Saturday, June 21, 2014

Object of the Day: Life and Coffee in a Shoe

Click image to be whipped soundly.

There was an old woman
     who lived in a shoe,
She had so many children
     she didn’t know what to do;
She gave them some broth
     without any bread, 

She whipped them all soundly
     and put them to bed. 

Excellent parenting advice. It makes me think of the strength and purity of coffee, it does.

At first, I wasn’t sure if this card was die-cut or if it was cut by hand by a former owner who intended to use it for other purposes, likely decoupage. The latter was often the fate of these trade cards. In one way this preserved them forever under a nice layer of varnish, but, in another, it distances the item from its original form.

Either way, here we have an old lady who lived in her shoe. Living in a shoe, it seems, hasn’t kept her from procreating. Clearly, this card was once one of a collectible series produced by Lion Coffee. This was No. 8.

Now, you see, this is where the whole thing gets foggy. On the reverse, printed above the verse describing this elderly woman’s living conditions, we have a line drawing of the scene to the left of the image from the next scene in the series.  Or is it? And, then, at the very bottom are the mysterious words, “Bend Back Standards.”

What does that mean?

Was this part of a larger sheet which was designed to be cut and displayed in a child’s room? Were the publishers anticipating that these would be collected in order?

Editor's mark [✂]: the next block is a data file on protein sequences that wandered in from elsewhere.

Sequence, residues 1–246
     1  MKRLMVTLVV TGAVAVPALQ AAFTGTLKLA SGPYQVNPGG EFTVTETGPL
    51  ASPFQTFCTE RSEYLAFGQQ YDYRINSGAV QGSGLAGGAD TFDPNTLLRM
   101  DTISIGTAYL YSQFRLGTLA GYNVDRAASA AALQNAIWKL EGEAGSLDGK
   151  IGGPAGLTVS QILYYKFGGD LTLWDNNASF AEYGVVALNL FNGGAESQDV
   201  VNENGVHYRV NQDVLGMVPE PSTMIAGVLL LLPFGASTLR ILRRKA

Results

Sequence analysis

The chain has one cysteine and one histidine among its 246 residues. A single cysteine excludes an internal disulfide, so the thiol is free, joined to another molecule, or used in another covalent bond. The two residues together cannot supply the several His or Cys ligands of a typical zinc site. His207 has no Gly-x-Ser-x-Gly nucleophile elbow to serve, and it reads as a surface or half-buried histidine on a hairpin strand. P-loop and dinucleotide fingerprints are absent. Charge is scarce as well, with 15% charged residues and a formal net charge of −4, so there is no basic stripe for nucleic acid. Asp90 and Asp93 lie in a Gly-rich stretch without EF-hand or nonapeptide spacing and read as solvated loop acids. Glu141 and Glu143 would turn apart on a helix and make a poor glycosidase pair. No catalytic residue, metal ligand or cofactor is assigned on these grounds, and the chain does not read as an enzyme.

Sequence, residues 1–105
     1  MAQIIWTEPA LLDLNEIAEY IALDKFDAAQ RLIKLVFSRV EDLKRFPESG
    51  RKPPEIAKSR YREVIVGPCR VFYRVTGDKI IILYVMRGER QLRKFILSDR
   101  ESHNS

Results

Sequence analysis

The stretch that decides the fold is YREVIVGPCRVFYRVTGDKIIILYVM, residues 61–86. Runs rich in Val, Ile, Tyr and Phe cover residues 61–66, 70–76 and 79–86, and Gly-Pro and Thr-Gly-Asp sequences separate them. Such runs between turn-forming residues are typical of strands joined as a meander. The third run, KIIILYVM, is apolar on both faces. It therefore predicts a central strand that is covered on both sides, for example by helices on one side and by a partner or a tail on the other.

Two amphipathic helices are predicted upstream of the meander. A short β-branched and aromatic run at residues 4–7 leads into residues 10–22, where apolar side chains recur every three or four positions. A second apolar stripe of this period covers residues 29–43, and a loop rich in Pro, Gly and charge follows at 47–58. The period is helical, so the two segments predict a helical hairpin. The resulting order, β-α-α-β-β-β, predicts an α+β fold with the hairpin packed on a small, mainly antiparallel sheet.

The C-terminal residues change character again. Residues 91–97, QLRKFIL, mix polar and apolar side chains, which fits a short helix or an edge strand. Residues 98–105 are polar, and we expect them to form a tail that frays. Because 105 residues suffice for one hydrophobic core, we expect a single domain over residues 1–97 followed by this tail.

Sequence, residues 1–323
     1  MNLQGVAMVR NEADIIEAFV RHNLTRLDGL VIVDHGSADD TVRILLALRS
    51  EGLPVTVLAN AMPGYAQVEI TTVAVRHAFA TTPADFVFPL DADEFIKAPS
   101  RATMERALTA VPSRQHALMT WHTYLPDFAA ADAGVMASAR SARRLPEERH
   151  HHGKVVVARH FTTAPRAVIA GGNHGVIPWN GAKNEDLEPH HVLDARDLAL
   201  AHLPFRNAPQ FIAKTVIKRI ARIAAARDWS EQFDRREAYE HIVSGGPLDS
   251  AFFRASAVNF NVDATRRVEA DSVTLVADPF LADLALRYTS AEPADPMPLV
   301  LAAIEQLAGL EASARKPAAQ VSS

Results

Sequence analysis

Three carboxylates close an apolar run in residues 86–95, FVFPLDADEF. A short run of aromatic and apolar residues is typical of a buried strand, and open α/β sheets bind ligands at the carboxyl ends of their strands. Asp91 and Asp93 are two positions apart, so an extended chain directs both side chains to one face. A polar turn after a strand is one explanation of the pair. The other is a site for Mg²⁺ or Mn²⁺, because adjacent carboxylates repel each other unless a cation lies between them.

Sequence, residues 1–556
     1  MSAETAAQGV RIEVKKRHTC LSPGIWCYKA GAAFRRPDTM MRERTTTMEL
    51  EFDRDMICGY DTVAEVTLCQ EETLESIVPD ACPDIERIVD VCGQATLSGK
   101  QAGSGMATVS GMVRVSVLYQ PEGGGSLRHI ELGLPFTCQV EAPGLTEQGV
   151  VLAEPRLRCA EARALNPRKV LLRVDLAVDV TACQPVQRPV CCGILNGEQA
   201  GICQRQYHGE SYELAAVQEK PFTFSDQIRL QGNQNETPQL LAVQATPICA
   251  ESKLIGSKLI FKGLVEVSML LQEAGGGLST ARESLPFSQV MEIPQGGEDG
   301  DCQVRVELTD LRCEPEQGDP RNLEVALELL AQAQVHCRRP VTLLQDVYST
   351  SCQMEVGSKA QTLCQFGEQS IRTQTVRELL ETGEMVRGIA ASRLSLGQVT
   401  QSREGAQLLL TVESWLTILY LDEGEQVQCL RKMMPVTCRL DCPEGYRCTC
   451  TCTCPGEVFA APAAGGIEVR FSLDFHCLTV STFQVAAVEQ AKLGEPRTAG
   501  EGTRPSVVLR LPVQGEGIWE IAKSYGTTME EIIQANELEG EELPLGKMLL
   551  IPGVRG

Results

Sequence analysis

I couldn’t leave it alone. So, a little research tells me that this was, in fact, a die-cut card, one of a nursery rhyme series which also corresponds with a paper-doll series produced by Lion Coffee in the late Nineteenth Century.

But, there’s something missing. First of all, the lower portion of this card is now gone. This would have been bent and taped so that the “shoe” would stand up as a background. You’ll notice that the “old woman” is conspicuously absent from the shoe. That’s because she came later as a paper doll—also a standee. She was shown holding a large stick in one hand and a naughty child in the other and was drawn in mid-spank. Charming.  The second piece of this scene was a standee of the other, already-beaten, children in bed.

All-in-all, it’s a nifty advertising gimmick. Collectors of such things are quite keen to amass the complete sets which, it seems, are very difficult to come by. So, apparently, even a century later, the gimmick is still working. Well done, Lion Coffee.

No comments: